Ubuntu 16.04 LTS as an ownCloud server

Secure Collaboration

Basic Setup

In the browser window, ownCloud prompts you to create an admin account and also lets you configure the desired database (Figure 2). The recommended admin username is admin . The password should be secure, of course, but it doesn't have to match the root user password in MySQL. To launch the MySQL configuration process, click MySQL/MariaDB under "Configure the database." The password is the password from the CREATE User command in Listing 3; owncloud is both the username and the database name, and localhost is fine as the host designation. Clicking Finish setup completes the installation. If everything worked, the ownCloud web interface should now appear for the first time (Figure 3). OwnCloud lets you know about the ownCloud clients for Android and iOS, but you can click to close the message without worrying about any negative consequences.

Figure 2: The initial configuration of ownCloud defines the username and the password of the admin user and lets you configure the database.
Figure 3: After the first login, ownCloud is empty and waiting for action. Now, the real work can start.

Additional Settings

Although ownCloud generally works well as it is, various tweaks can improve the functionality of the environment. Clicking on the name assigned to the admin user at top right and pressing Administrator brings up the ownCloud configuration panel. In the menu on the left, clicking Cron takes you to the configuration window for running recurring tasks. ownCloud offers several options. Out of the box, it runs tasks every time the site is loaded. Although this ensures that the maintenance tasks are performed reliably, it also restricts performance. It is better to leave this task in the competent hands of the Linux cron command. Entering

$ sudo crontab -u www-data -e
*/15 * * * * php -f /var/www/owncloud/cron.php

opens the crontab of user www-data and makes sure maintenance tasks take place regularly. In the ownCloud cron configuration window (Figure 4), switch from Ajax to Cron .

Figure 4: After creating a matching entry in cron, you can now configure ownCloud in the web interface to improve performance.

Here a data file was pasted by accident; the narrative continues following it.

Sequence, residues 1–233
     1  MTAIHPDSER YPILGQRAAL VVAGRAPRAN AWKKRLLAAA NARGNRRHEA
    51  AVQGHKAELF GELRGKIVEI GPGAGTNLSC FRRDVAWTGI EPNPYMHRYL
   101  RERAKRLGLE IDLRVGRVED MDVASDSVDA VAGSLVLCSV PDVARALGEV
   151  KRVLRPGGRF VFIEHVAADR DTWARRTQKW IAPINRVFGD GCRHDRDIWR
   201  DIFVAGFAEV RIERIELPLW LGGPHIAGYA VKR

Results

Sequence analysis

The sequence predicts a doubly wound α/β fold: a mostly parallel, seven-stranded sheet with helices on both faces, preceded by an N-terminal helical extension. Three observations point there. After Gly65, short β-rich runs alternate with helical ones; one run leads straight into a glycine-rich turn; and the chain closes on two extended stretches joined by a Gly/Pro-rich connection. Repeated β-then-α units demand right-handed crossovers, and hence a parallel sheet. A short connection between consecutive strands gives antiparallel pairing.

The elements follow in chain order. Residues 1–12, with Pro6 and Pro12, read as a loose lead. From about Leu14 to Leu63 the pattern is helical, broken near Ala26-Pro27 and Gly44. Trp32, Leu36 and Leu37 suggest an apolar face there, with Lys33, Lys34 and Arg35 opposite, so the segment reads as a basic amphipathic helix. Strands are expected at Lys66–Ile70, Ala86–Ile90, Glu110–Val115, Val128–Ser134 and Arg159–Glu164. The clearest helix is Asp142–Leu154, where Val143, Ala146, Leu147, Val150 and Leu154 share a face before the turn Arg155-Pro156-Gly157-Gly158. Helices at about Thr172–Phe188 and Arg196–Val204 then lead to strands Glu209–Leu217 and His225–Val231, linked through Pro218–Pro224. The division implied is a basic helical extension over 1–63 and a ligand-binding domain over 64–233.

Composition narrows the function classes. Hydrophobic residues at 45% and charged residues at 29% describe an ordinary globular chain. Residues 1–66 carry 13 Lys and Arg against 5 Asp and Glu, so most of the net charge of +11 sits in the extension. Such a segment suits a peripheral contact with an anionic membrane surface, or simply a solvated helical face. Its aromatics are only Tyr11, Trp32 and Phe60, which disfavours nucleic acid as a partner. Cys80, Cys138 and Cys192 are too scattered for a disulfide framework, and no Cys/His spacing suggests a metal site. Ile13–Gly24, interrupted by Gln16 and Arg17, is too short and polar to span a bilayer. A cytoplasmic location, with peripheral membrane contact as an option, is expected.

A few changes are also useful outside of the ownCloud web interface. In the /etc/php5/apache2/php.ini file, you need to assign sensible defaults. A value of 2G for upload_max_filesize and post_max_size and of 200 for max_file_ uploads make sense for modern servers. Your installation is now ready for operation.

Conclusions

Cloud-based collaboration is on everyone's lips, but many companies shy away from putting their data in the hands of providers. A locally installed ownCloud offers an alternative. Version 9 comes with some useful features, such as CalDAV and CardDAV support, as well as improved security. On an Ubuntu 16.04 LTS server, you can quickly set up the cloud environment. The Ubuntu operating system is supported by Canonical updates for five years, so you can look forward to a stable and future-proof environment.

Infos

  1. Generating SSH keys: https://confluence.atlassian.com/bitbucketserver/creating-ssh-keys-776639788.html
  2. "Getting a Free TLS Certificate from Let's Encrypt" by Hans-Cees Speel, ADMIN , issue 33, 2016, pg. 50: http://www.admin-magazine.com/Archive/2016/33/Getting-a-free-TLS-certificate-from-Let-s-Encrypt

The Author

Martin Gerhard Loschwitz works as a cloud architect at SysEleven. He works with OpenStack, distributed storage, and Puppet. He also maintains Pacemaker for Debian in his spare time.

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